8. WHAT IS A RENEWAL OF A MORTGAGE AS OPPOSED TO A NEW MORTGAGE  -  The bank had two mortgages that predated a lien for necessaries. After the lien for necessaries attached, the bank amended, renewed and/or entered into three more mortgages each one in an amount larger than the two original mortgages. In a facts driven case, the court found that the three subsequent mortgages were renewals or amendments of the original two mortgages, which did not lose their priority to the extent of the amount of debt existing on the date the lien holder perfected its lien. Bank of America v. M/V Pengwin, et al., No. 97-36050 (9th Cir. 1999)

          9. WHEN DOES PREFERRED MORTGAGE BECOME PERFECTED  -  Mortgage on debtor's yacht was not perfected until U.S. Coast Guard endorsed and recorded it in accordance with Ship Mortgage Act, though mortgage had been delivered to Coast Guard by mortgagor approximately three months earlier; accordingly, trustee could exercise rights as judicial lien creditor and avoid mortgage, where debtor had filed for bankruptcy in interim. Matter of Alberto, 66 B.R. 132 (D.N.J. 1985)

          10. THE IMPUTATION OF MORTGAGEE’S BAD FAITH  -  The court ruled that the filing of a false certificate that the vessel’s official number was affixed to the vessel, when the lender did not have knowledge that the vessel was not marked, would not affect the status of the preferred mortgage. However, the mortgagee’s bad faith will defeat the preferred status. Query, what does it take for knowledge to be imputed to the mortgagee? Maryland National Bank v. The Vessel Madame Chapel, 46 F.3rd 895 (9th Cir., 1995)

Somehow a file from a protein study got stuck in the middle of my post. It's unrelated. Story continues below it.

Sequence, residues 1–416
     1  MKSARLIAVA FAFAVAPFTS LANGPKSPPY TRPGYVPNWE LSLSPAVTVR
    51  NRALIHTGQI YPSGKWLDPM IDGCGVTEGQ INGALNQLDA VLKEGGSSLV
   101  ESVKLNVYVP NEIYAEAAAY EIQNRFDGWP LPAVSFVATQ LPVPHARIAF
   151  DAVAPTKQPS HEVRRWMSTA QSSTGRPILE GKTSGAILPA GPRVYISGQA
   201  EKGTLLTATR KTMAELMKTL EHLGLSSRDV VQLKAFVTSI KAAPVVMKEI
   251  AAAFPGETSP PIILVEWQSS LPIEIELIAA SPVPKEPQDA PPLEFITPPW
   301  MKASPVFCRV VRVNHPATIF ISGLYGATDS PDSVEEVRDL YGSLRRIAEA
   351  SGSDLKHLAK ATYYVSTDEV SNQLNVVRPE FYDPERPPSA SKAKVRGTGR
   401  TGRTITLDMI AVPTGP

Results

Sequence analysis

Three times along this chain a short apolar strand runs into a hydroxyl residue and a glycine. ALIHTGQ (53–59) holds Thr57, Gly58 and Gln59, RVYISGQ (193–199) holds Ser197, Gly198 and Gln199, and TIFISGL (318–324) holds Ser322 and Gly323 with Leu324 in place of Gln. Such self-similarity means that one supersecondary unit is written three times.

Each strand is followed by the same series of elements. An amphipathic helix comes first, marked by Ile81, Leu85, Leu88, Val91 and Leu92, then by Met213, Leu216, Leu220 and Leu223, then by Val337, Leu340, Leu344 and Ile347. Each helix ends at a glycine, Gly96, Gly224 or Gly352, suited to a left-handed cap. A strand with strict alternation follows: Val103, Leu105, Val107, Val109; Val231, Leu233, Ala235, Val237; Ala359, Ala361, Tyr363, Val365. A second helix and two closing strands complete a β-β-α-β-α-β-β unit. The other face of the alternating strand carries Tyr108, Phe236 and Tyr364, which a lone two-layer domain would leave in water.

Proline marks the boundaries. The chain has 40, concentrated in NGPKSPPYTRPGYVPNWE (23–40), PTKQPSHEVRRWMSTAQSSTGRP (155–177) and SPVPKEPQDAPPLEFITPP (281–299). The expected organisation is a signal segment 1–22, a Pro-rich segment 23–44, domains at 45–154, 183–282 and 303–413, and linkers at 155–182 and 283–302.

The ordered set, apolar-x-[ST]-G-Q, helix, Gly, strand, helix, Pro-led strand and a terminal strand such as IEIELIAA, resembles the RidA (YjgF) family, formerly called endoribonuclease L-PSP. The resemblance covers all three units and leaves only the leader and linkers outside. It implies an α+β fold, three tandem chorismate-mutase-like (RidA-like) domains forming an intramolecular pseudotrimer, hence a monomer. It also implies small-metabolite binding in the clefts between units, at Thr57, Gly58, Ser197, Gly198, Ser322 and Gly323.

11. THE APPLICATION OF THE MORTGAGE RENEWAL RULE  -  The Mortgage Renewal Rule generally is that in the absence of an indication of contrary intent, execution of a new mortgage in renewal, or amendment of a former one, does not extinguish priority of the former one. However, it only applies to the amount of debt remaining on the date of renewal. (emphasis added) Bank of America v. M/V Pengwin et al., No. 97-36050 (9th Cir. 1999)

          12. MARITIME LIEN FOR AN OVERPAYMENT OF FREIGHTS  -  The issue before the U.S. Supreme Court was whether a maritime lien was created for an overpayment of freights. The Court ruled that it did. They found it arose out of a contract of affreightment. Whether it was mistakenly done or fraudulent, a maritime lien still resulted and it could prime a preferred mortgage entered into after the event occurred. The Pacific Cedar, 290 U.S. 117 (1933)

          13. EFFECT OF STATE LAW SECURITY ON U.S. DOCUMENTED VESSEL  -  Once a vessel has become a "vessel of the United States" (which is a vessel federally documented with the U.S. Coast Guard), the validity of security interests is determined by federal law. State law security interest in yacht that became "vessel of the United States" upon issuance of its certificate of documentation was nullified by statute, which invalidates mortgage on vessel of United States as to third parties without notice, unless recorded in office of collector of customs at home port of vessel (now the 13 Revised 8/2002 U.S. Coast Guard National Vessel Documentation Center in Falling Waters, WV). This is true even though security interest and mortgage preceded issuance of certificate of documentation by U.S. Coast Guard. Recording procedures were applicable to all mortgages on vessels of United States regardless of when mortgages were made. In re Alberto, 823 F.2d 712 (3rd Cir. 1987)